Call us on 0800 917 0925 or email us for more information about fostering.

There are different types of fostering as children in care have varying situations and needs. Throughout the assessment process we'll discuss which type of fostering may best suit you.

Long-term fostering

Not all children in care will return to their own families so we need to find them a permanent home. In some cases this will be through adoption but for other children a long term foster home is a better option.

Short-term fostering

Carers look after children for a few weeks, months or even years whilst more permanent arrangements are made for them.

Specialist fostering

We need patient, dedicated and motivated specialist foster carers who can offer care and support to children and young people with very complex needs or challenging behaviour. 

Contact us if you:

  • are available full-time and can be at short notice
  • have a spare room
  • ideally, have no other children in the household
  • can offer a structured and supportive environment
  • have the ability to understand how trauma can affect a child's emotional health and behaviour
  • can work as part of a team which includes therapists, social workers, youth offending teams and other services for children and young people
  • want to learn, develop and be an active member of the team


We offer up to £619 a week and training. You'll have 24/7 support, respite breaks, a dedicated supervising social worker and access to a specialist foster carer support group.

Private fostering

Private Fostering is when a child under the age of 16 (or 18 if they have a disability) is living away from their parents for a period of 28 days or more with someone who is not an immediate relative (such as grandparents, aunt/uncles or brothers/sisters) or someone who has legal parental responsibility for them. 

Parents and/or carers are required to notify Hertfordshire County Council of these private arrangements.  For more information see our Private Fostering Leaflets:

Adult's Guide to Private Fostering

Young Person and Child’s Guide to Private Fostering

Supported lodgings

The supported lodgings scheme has been set up to provide semi-independent accommodation for young people aged between 16 and 20 who are looked after by Hertfordshire County Council. The main aim of supported lodgings is to provide a safe and supported setting to help young people make a successful transition from public care to independent living.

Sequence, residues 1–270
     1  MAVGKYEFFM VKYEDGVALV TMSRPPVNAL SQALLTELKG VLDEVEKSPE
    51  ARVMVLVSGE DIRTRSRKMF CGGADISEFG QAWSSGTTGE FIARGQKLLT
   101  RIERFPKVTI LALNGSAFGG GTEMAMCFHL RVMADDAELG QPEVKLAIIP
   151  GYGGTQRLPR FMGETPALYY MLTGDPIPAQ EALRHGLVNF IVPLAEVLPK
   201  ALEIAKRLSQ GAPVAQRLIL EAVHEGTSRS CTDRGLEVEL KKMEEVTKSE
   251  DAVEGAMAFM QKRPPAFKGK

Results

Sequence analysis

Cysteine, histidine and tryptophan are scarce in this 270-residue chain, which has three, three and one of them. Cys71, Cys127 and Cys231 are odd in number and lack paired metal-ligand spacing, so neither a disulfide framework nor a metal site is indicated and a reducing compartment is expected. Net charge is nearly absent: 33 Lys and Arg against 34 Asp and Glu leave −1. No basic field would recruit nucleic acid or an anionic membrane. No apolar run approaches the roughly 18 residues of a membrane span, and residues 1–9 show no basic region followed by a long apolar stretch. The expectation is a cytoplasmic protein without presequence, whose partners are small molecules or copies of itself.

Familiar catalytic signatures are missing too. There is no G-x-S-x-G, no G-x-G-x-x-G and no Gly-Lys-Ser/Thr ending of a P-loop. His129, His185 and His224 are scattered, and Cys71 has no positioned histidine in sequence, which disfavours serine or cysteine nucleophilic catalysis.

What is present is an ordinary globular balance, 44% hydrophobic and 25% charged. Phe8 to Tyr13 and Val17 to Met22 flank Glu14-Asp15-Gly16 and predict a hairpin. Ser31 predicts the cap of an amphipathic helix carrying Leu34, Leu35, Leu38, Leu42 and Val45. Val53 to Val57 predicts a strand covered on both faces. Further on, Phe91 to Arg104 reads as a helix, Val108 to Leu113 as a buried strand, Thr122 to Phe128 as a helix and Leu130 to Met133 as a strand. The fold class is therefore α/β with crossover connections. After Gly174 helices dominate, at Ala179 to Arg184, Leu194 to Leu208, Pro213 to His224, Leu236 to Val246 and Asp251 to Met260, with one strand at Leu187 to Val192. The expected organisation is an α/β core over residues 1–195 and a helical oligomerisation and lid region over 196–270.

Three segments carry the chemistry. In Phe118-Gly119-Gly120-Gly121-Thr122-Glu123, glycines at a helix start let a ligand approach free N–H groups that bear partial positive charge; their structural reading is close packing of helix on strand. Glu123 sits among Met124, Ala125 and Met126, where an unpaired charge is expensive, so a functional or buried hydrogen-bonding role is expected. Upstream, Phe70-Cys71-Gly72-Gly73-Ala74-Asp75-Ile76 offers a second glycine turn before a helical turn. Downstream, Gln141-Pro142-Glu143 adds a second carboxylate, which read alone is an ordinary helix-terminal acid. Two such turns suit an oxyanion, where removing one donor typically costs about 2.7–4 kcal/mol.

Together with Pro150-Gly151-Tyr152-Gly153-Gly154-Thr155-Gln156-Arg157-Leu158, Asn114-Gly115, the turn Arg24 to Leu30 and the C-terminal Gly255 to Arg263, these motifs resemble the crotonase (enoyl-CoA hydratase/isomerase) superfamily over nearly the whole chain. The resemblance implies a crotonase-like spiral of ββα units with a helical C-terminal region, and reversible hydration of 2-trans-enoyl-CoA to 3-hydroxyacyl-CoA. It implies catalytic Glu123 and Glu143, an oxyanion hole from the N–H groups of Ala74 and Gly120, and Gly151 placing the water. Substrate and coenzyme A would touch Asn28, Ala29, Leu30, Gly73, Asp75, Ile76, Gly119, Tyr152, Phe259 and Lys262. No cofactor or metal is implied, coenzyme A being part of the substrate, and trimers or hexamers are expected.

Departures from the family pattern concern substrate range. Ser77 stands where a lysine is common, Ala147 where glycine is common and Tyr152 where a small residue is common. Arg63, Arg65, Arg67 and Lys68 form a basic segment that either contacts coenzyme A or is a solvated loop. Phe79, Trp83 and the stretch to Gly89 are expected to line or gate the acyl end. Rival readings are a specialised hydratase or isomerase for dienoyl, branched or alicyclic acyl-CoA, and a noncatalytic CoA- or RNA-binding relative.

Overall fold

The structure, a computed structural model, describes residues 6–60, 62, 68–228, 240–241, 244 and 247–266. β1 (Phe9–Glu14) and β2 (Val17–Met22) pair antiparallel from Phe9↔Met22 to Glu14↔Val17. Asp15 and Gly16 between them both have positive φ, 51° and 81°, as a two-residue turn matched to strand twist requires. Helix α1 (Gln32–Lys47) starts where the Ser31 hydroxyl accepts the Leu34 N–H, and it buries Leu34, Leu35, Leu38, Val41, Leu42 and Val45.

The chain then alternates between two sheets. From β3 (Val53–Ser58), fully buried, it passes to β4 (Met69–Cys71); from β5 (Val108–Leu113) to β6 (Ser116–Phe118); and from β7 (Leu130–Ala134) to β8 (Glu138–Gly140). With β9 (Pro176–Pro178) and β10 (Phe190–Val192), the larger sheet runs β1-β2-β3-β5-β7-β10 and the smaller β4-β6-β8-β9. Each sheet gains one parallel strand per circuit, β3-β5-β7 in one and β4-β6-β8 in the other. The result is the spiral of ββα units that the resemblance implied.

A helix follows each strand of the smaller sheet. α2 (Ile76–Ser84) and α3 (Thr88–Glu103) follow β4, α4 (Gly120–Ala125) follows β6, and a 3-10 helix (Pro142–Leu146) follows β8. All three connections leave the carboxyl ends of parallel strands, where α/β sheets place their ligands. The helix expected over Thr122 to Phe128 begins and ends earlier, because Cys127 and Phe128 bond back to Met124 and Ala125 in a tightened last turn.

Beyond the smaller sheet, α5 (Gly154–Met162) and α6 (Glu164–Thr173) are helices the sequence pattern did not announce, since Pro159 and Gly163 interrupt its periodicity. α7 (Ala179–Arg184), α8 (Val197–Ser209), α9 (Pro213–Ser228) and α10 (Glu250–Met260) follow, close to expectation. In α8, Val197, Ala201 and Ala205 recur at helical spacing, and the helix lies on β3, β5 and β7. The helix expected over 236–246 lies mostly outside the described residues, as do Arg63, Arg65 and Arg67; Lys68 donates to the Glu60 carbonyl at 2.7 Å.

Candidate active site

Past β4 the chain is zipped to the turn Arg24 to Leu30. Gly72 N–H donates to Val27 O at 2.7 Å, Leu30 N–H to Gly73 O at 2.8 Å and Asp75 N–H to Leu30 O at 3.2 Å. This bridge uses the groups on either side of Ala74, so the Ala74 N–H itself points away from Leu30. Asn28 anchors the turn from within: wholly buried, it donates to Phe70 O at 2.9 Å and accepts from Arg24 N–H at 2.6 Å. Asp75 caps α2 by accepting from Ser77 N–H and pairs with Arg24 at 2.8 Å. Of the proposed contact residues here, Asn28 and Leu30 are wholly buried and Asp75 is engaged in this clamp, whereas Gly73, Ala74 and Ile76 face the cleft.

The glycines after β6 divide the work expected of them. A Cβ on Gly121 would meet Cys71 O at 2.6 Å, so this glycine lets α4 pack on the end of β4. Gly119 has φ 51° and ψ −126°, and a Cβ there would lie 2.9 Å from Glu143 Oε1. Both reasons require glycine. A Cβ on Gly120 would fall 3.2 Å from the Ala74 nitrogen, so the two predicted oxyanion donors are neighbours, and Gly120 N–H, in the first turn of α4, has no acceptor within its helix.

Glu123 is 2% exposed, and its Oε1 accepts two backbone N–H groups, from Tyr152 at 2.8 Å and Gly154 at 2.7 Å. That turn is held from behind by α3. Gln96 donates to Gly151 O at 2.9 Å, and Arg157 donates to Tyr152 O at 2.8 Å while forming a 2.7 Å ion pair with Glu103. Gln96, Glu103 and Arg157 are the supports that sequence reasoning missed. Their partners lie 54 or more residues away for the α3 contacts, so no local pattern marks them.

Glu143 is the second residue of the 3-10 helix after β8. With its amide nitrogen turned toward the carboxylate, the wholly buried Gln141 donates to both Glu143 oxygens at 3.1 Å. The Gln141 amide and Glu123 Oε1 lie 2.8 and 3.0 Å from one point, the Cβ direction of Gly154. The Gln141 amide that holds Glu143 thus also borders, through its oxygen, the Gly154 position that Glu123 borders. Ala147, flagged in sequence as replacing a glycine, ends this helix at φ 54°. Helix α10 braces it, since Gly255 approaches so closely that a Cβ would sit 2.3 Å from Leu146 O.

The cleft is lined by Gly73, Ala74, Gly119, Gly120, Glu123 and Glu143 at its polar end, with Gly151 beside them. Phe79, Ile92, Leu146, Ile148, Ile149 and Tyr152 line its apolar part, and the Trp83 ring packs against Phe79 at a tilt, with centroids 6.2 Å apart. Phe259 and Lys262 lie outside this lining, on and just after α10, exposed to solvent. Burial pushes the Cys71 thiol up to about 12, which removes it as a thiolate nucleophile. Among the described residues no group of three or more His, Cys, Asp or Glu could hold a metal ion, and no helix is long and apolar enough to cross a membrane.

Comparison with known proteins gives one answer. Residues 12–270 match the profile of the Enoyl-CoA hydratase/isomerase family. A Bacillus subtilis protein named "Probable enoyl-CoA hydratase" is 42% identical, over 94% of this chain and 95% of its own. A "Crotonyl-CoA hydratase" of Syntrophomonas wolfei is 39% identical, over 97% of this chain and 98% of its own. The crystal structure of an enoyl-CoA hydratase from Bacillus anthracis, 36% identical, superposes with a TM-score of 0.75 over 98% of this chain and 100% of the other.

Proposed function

Who can offer supported lodgings?

Being a supported lodgings carer offers a variety of rewards and often provides a sense of satisfaction knowing that you have helped a young person make a successful start in life. It can also be a challenge. Having a flexible approach, a sense of humour and an understanding of young people will help with the challenge.

See our Supported lodgings leaflet for information.

Shared care

Shared carers are trained volunteers who've been assessed and checked to care for disabled children. They give parents a break by looking after a disabled child or young person for short breaks on a regular basis.

Visits can be anything from a few hours a week after school, a day at the weekends or in the school holidays or even a regular weekend stay. As a shared carer, you can look after children in your own home or at the child's home. You can also take them out and about. You'll be paid an allowance to cover expenses and are covered by insurance.

Call the shared care team on 01442 453 080 for more information.

Qualities of a shared carer

You need understanding, common sense, flexibility, reliability and an interest in children. You must be over 21 years of age. You can be single, in a couple, or volunteer as a family. Previous experience or contact with disabled children isn’t always necessary as we give full training.

Shared carer preparation courses and assessment

We run courses where you can learn about the scheme and ask questions. When you've completed the course we will start the assessment.

We'll assess you to find out about your motivation, interests and suitability. The assessment includes:

  • visits to 2 referees for a personal reference
  • medical and police checks.

Following an assessment, both families are carefully matched and introduced to each other so that the best possible arrangements for each child can be worked out.

The needs of the children are carefully matched to the skills, interests and background of the shared carer so that the best possible relationship can develop.

Unaccompanied asylum seekers

This group of young people are usually teenagers who have experienced separation from their families. They are often vulnerable and have witnessed or experienced traumatic events in their past. They need safe, stable homes with foster carers in Hertfordshire who understand their specific needs and are able to promote their cultural & ethnic heritage.

Contact us

Call us on 0800 917 0925 or email us for more information about fostering.